Tumor targeting Drug delivery PDF | PPT

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CONTENT
 Introduction
 Tumor tissue vs normal tissue
 Barriers to Tumor Targeting

✓ Heterogeneity with
respect to blood flow.

✓ Overexpression of efflux
transporters.

 Approaches
✓ Passive Targeting
✓ Active targeting
✓ Physical Targeting

 Reference

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INTRODUCTION:
 Tumor is an abnormal mass of tissue which is a classic sign

of inflammation.

 It is a fluid-filled lesion that may or may not be formed by
an abnormal growth of neoplastic cells that appears
enlarged in size.

 Types –
✓Benign tumor(Non-cancerous)

✓Malignant tumor(Cancerous)

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TUMOR TISSUE VS NORMAL TISSUE:

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Barriers to Tumor Targeting:

 Mainly two barriers are there:

I. Heterogeneity with respect to
blood flow.

II. Overexpression of efflux
transporters.

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i. Heterogeneity with respect to blood flow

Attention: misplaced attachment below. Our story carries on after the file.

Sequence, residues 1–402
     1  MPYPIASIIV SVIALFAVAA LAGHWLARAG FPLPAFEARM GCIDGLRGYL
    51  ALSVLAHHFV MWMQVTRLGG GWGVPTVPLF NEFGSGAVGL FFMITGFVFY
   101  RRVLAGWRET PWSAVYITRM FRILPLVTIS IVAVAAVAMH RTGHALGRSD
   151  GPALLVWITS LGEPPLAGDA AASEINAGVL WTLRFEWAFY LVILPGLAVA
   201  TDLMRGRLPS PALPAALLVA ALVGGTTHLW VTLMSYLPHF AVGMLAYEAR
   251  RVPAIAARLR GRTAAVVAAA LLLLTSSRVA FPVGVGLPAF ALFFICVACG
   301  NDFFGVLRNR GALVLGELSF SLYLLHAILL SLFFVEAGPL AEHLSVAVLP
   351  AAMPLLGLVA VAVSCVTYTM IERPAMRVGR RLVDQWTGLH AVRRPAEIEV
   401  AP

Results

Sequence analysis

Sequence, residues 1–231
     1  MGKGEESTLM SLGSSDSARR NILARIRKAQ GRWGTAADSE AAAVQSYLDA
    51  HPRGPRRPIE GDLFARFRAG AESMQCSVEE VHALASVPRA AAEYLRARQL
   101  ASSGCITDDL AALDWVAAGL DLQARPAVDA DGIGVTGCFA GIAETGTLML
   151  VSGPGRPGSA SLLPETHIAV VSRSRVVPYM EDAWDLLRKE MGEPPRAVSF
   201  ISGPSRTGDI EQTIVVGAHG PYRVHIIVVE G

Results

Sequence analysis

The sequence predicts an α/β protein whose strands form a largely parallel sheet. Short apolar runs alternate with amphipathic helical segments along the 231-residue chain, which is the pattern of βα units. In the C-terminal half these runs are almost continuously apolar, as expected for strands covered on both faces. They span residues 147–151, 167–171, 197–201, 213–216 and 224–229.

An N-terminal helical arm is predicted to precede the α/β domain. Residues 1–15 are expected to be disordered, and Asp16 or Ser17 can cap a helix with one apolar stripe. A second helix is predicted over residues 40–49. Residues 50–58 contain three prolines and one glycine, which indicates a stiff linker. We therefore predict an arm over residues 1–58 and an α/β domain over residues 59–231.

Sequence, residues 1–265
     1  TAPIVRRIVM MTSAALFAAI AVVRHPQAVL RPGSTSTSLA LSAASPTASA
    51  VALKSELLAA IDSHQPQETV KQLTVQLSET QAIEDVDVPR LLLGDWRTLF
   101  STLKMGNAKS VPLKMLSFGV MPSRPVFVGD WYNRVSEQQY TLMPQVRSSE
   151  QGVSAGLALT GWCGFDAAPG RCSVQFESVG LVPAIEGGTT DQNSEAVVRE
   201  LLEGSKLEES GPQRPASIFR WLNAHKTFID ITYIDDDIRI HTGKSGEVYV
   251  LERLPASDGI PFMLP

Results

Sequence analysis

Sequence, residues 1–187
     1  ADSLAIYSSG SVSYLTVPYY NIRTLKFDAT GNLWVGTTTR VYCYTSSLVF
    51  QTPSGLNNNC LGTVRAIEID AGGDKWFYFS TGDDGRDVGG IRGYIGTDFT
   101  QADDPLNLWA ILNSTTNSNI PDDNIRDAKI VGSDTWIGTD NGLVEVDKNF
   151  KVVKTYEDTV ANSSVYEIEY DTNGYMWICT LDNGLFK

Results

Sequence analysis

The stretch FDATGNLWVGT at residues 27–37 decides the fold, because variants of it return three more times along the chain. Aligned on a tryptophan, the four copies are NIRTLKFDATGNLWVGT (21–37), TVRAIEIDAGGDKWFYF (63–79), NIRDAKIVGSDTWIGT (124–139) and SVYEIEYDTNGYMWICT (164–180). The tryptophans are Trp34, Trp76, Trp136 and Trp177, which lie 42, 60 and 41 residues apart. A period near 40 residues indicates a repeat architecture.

 As unregulated growth of tumor vasculature occur, nonuniform
distribution of blood vessels across the tumor may occour that lead
to patches of very high blood supply to almost negligible supply.

 This heterogeneity leads to uneven distribution of administered
drug often leading to poor therapeutic response.

 Such altered distribution also usually ends up in partial exposure of
drug to the cells, thereby drastically increasing the multiple drug
resistance with the tumor cells.

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іі Overexpression of efflux transporters
 Achievement of therapeutic responses of drug with cancer cells

is further challenged by over expression of efflux transporters,
often referred to as ATP binding cassette (ABC) transporters
such as P-glycoprotein , multidrug resistance proteins (MRP-1, –
2), etc.

 Most of the anticancer drugs are substrates of such efflux
transporters.

 Subsequently, other factors such as diffusional barrier due to
high intercapillary distance, cell density, and extracellular matrix